New Administration Looks to Ease Regulatory Burden on Business

By Richard P. Schweitzer

As he promised during his campaign, President Trump is taking immediate steps to ease the regulatory burden on U.S. businesses in an attempt to restore jobs and bolster the economy. Over the first few weeks of the new administration, this effort has taken the form of a series of memoranda and executive orders that seek to restructure the relationship between the federal government and the entities it regulates.

First, on Inauguration Day, White House Chief of Staff Reince Priebus sent a memorandum to all heads of executive departments and agencies imposing a temporary freeze on all new regulations until a newly-appointed agency official has an opportunity to review and approve the requirements. Thus, until they have approval from a Senate-confirmed department head, agencies must refrain from sending any new regulations to the Office of the Federal Register (OFR); withdraw any regulations that have been sent to the OFR but have not yet been published; or, for regulations that have been published in the OFR but have not taken effect, temporarily postpone their effective date for 60 days from the date of the memorandum as permitted by applicable law. The memo applies to all regulatory actions as well as to guidance documents.

Two For One

On January 30, President Trump signed an executive order that directs federal agencies to identify at least two existing regulations to be repealed for each new regulation proposed. The order will be in effect through the fiscal year, which ends September 30, 2017.

The order states that “the heads of all agencies are directed that the total incremental cost of all new regulations, including repealed regulations, to be finalized this year shall be no greater than zero, unless otherwise required by law or consistent with advice provided in writing by the director of the Office of Management and Budget.” Moreover, “any new incremental costs associated with new regulations shall, to the extent permitted by law, be offset by the elimination of existing costs associated with at least two prior regulations.”

Because the federal agencies are unlikely to actually repeal two regulations in order to implement any new requirements, this order is expected to have a chilling effect on any new regulatory proposals in the near future.

Regulatory Issues

Third, on February 24, President Trump issued another executive order addressing regulatory reform. The order directs federal agencies to designate within 60 days a regulatory reform officer responsible for overseeing the implementation of regulatory reform initiatives and policies, including the termination of programs and activities that derive from or implement executive orders, guidance
documents, policy memoranda, rule interpretations and similar documents that have been rescinded.

Each agency will also have to establish a regulatory reform task force to evaluate existing regulations (using input from significantly affected entities including small businesses and trade associations such as GAWDA) and make recommendations on whether they should be repealed, replaced or modified. At a minimum each task force must attempt to identify regulations that (1) eliminate jobs or inhibit job creation, (2) are outdated, unnecessary, or ineffective, (3) impose costs that exceed benefits, (4) create a serious inconsistency or otherwise interfere with regulatory reform initiatives and policies, (5) rely in whole or in part on data, information, or methods that are not publicly available or are insufficiently transparent, or (6) derive from or implement EOs or other presidential directives that have been subsequently rescinded or substantially modified. Each task force must report on its progress within 90 days and at regular intervals thereafter.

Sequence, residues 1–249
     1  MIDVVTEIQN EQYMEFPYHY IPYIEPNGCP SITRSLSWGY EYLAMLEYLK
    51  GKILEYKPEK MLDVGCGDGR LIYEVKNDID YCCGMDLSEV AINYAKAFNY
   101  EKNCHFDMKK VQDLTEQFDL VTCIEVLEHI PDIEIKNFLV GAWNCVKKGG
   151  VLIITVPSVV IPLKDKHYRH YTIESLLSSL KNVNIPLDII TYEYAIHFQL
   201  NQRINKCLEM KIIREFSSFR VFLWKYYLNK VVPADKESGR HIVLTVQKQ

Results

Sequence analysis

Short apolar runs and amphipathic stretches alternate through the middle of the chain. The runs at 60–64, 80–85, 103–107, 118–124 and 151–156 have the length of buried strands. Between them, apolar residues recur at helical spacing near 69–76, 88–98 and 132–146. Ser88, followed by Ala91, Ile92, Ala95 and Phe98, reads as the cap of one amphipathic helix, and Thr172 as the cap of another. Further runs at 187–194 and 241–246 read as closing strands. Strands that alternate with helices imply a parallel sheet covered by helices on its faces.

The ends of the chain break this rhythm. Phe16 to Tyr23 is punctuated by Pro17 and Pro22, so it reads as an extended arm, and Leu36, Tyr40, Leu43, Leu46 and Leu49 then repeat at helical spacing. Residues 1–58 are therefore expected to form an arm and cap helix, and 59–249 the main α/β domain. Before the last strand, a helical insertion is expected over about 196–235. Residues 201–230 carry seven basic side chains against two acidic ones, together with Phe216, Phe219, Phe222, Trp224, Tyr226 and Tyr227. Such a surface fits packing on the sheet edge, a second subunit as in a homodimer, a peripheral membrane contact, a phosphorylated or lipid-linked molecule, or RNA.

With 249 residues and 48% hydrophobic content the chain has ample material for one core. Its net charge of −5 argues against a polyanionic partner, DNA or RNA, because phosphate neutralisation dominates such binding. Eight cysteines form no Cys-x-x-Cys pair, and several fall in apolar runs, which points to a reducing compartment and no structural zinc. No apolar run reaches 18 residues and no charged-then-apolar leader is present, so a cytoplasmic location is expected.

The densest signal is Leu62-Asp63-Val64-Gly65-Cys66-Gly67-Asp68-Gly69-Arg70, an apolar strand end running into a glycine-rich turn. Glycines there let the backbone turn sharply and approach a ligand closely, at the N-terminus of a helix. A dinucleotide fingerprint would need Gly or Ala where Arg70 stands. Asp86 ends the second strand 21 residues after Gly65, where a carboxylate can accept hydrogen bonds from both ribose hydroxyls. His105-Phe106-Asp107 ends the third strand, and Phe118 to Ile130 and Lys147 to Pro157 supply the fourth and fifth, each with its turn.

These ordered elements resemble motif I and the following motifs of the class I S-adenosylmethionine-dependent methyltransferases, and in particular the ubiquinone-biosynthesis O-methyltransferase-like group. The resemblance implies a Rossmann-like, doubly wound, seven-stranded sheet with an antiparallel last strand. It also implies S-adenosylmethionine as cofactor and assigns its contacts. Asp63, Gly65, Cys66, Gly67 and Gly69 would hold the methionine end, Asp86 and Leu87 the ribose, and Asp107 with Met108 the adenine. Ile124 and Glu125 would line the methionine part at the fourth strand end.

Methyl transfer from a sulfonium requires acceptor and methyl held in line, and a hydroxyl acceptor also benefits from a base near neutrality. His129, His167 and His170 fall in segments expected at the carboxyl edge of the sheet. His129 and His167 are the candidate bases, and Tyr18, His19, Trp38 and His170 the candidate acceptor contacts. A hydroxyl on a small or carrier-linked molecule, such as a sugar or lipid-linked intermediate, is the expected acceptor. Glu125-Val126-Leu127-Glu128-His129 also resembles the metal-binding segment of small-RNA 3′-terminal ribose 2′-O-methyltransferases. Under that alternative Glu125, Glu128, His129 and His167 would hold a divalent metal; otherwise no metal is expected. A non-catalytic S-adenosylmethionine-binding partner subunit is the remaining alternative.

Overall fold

Finally, another executive order dated March 13 directs the Office of Management and Budget to propose a plan to “reorganize governmental functions and eliminate unnecessary agencies….” This plan contains the following steps:

  • Within 180 days, each agency head will submit to OMB a reorganization plan;
  • OMB will publish a notice in the Federal Register asking for suggestions (presumably this activity is to take place in parallel with the agency plan development function); and
  • 180 days after close of the Federal Register comment period, OMB will submit a reorganization plan to the President.

Departure, Opportunity

How all of this will work is yet to be determined, but it marks a sharp departure from the regulatory approach of prior administrations from either political party. President Trump is trying to streamline the government and allow business leaders to make new investments in the American economy. This provides an opportunity for all businesses, small and large, to take advantage of the new environment in Washington.